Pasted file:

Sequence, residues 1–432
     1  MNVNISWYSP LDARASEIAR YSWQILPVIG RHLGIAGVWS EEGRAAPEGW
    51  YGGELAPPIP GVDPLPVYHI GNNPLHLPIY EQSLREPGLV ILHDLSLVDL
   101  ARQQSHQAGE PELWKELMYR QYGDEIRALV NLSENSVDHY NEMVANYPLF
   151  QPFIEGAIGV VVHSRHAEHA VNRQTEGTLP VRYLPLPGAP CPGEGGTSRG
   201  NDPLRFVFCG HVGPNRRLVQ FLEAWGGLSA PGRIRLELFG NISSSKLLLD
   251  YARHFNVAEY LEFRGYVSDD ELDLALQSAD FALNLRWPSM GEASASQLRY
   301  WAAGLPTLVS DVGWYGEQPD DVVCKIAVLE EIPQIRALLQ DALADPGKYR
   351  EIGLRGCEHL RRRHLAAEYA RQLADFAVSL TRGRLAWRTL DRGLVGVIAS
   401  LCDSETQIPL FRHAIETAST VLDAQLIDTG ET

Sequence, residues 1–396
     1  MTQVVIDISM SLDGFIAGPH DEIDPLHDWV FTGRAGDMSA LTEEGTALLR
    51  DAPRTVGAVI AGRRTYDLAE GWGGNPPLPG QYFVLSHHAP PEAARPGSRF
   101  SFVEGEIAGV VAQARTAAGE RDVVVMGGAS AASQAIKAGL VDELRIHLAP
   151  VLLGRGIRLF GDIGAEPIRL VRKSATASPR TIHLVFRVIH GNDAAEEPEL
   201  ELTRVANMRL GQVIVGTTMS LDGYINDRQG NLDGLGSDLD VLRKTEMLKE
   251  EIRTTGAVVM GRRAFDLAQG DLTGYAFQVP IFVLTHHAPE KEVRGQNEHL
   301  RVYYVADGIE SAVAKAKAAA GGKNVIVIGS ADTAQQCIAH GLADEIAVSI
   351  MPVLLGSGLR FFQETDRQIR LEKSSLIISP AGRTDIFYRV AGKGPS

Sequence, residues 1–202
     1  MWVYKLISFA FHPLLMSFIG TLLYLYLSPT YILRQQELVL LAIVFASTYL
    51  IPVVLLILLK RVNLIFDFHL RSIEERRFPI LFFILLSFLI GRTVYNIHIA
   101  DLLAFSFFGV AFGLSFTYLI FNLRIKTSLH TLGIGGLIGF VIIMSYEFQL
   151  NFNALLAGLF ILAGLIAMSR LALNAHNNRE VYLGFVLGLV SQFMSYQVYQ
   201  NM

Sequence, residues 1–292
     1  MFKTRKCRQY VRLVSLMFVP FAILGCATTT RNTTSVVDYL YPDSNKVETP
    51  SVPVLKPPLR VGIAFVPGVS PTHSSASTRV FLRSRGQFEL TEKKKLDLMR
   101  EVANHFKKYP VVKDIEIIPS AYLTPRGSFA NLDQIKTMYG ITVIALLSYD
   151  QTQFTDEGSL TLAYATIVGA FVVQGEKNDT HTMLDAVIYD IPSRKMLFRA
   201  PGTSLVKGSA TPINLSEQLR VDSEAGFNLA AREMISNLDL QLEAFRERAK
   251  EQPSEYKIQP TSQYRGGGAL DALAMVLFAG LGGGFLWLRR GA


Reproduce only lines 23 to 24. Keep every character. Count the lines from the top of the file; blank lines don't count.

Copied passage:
   101  DLLAFSFFGV AFGLSFTYLI FNLRIKTSLH TLGIGGLIGF VIIMSYEFQL
   151  NFNALLAGLF ILAGLIAMSR LALNAHNNRE VYLGFVLGLV SQFMSYQVYQ